Timeload Ltd v British Telecommunications plc: CA 1995

British Telecommunications Plc provided its own directory service. BT was licenced as a public telecommunications operator requiring it to provide telephone services on request to anyone who sought them without discrimination. The claimant wanted to operate its own free service, and contracted with BT to use a line, but BT then gave notice to end the contract. The claimant obtained an interlocutory injunction, arguing for an implied term that it could only be terminated if there were good cause.
Held: The court dismissed the appeal against the injunction. The defendant could not rely on a term of the contract which would allow it to render a contractual performance substantially different from that which was reasonably expected of it.
Sir Thomas Bingham MR spoke as to the submission that there was implied such a term: ‘On behalf of BT Mr. Hobbs submitted that the meaning of the contract, particularly the meaning of clause 18.1, was quite clear. BT could terminate on a month’s notice at any time with or without reason, and no matter how great the loss such termination might, to BT’s knowledge, cause the customer. There was, he said, no inconsistency, as the learned judge had thought, between the power to suspend for operational reasons under clause 6 and the power to terminate under clause 18. He argued that the factual matrix was irrelevant, since this was a standard form contract applicable to many millions of customers and the meaning of the contract did not vary depending upon the peculiar circumstances of those who happened to be parties to it. Furthermore, he said that there was no room for implication since terms were to be implied into the contract only if they were necessary and not because they were thought to be reasonable. In other words, Mr. Hobbs propounded with great skill what could fairly and not pejoratively be described as an old-fashioned classical argument based upon a literal approach to the text of the contract. That may prove to be a good argument. It is certainly a view of the matter which has been accepted by judges on other occasions albeit in the absence of full argument.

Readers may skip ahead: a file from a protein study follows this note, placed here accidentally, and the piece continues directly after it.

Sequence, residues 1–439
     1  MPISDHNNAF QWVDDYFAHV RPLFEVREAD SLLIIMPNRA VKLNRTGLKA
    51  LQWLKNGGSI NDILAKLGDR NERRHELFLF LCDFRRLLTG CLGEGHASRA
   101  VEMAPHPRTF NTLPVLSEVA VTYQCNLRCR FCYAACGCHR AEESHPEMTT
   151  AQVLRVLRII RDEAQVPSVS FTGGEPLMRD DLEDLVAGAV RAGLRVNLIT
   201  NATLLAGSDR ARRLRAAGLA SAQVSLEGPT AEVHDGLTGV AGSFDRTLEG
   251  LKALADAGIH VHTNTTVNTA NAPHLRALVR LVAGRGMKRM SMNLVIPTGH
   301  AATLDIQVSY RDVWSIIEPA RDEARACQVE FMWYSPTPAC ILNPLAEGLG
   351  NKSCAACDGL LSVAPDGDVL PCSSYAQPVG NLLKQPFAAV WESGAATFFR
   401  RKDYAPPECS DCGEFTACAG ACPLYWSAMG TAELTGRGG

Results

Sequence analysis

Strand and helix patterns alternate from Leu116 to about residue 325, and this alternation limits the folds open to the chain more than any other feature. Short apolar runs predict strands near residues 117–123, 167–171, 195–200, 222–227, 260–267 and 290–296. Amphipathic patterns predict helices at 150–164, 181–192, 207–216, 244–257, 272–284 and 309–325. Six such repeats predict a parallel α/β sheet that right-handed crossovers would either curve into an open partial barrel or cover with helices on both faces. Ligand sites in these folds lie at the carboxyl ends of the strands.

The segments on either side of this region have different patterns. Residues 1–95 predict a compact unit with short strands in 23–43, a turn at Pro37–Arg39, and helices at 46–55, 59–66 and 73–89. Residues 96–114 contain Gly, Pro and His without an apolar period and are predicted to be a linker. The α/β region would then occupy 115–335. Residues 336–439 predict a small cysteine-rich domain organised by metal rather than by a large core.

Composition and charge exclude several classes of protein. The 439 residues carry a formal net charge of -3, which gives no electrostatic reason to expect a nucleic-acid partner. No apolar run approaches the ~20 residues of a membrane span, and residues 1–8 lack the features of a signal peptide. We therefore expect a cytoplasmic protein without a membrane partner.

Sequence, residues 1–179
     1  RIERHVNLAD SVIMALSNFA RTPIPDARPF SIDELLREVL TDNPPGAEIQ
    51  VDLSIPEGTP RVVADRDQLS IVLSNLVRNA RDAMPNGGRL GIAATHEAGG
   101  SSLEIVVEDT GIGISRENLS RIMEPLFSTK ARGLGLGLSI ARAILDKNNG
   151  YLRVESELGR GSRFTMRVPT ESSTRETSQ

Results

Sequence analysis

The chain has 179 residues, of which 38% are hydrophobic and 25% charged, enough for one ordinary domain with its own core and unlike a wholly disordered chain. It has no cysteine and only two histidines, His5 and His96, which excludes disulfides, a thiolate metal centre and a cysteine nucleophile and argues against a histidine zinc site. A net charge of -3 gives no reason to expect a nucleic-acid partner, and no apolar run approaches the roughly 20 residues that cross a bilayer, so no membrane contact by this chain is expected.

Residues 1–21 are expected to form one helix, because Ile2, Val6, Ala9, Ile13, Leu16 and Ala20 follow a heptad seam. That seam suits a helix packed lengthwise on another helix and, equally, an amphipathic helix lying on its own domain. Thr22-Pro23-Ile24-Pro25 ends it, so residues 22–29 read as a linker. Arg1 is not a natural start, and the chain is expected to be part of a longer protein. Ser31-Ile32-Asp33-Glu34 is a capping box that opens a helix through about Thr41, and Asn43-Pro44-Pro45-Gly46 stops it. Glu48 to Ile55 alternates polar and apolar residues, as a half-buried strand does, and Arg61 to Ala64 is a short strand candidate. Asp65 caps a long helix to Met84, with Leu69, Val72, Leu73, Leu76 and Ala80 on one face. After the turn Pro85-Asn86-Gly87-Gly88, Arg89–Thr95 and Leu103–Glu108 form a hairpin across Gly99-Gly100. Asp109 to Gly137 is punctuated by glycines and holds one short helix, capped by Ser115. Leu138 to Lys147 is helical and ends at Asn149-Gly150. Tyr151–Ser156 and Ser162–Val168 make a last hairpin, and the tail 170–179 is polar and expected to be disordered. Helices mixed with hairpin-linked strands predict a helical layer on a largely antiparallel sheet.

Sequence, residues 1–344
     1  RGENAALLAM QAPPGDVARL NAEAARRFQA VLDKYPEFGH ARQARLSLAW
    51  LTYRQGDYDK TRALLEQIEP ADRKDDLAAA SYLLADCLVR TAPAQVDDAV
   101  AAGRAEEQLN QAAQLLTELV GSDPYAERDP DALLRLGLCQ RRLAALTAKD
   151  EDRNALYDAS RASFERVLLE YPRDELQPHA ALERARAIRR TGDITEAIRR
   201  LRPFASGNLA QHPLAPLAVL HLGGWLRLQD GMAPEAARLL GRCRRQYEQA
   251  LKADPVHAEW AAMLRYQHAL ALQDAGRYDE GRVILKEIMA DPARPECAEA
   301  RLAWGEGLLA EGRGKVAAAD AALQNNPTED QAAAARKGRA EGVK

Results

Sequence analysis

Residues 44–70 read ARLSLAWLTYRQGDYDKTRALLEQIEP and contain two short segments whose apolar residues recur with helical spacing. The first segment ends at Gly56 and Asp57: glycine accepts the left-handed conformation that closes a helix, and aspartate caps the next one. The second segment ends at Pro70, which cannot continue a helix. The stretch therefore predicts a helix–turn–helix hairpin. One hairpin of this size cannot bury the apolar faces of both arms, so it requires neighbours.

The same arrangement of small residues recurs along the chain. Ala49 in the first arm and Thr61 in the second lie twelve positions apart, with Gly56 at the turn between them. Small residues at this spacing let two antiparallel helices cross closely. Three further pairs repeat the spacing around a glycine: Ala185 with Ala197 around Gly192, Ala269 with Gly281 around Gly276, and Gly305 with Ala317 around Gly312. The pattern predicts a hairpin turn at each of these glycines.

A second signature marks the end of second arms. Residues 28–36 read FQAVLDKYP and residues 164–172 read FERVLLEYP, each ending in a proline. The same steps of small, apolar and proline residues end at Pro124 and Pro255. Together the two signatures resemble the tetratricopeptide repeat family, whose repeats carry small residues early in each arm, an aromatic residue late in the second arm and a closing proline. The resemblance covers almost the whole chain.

For my part, however, I share the judge’s reservations. It is relevant to bear in mind that BT is a public telecommunications operator licensed by the Secretary of State under Telecommunications Act 1984 to provide a public telecommunications service. It is subject to the oversight of the Director General of Telecommunications who has certain powers if BT should fail to comply with its licence. It is quite plain, as one would expect, that BT is indeed obliged to observe the terms of its licence. The terms of the licence are not, as I have pointed out, part of the contract with the consumer, but they are, nonetheless, as I consider, an inescapable part of the background which falls to be considered. . .
It is therefore correct, speaking very generally, to regard BT as a privatised company, no longer a monopoly, but still a very dominant supplier closely regulated to ensure that it operates in the interests of the public and not simply in the interests of its shareholders should those be in conflict. Against that background I am, for my part, by no means sure that the classical approach to the implication of terms is appropriate here. As Lord Cross pointed out in Liverpool City Council v. Irwin [1977] AC 239, 257, implied terms can find their way into contracts either because the law lays down a general rule that in contracts of a certain type a certain obligation should be implied, or on grounds of necessity for business efficacy. Thus, pure necessity is not the only ground on which a term can be implied and I can see strong grounds for the view that in the circumstances of this contract BT should not be permitted to exercise a potentially drastic power of termination without demonstrable reason or cause for doing so. ‘
Sir Thomas Bingham MR
[1995] EMLR 459
Unfair Contract Terms Act 1977
England and Wales
Cited by:
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The bank had sought summary dismissal of a claim for non-payment of bonuses to the claimant a former employee, and now appealed refusal of its request for summary dismissal, saying that the claim had no prospect of success. The claimant said that . .

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Updated: 02 June 2021; Ref: scu.246220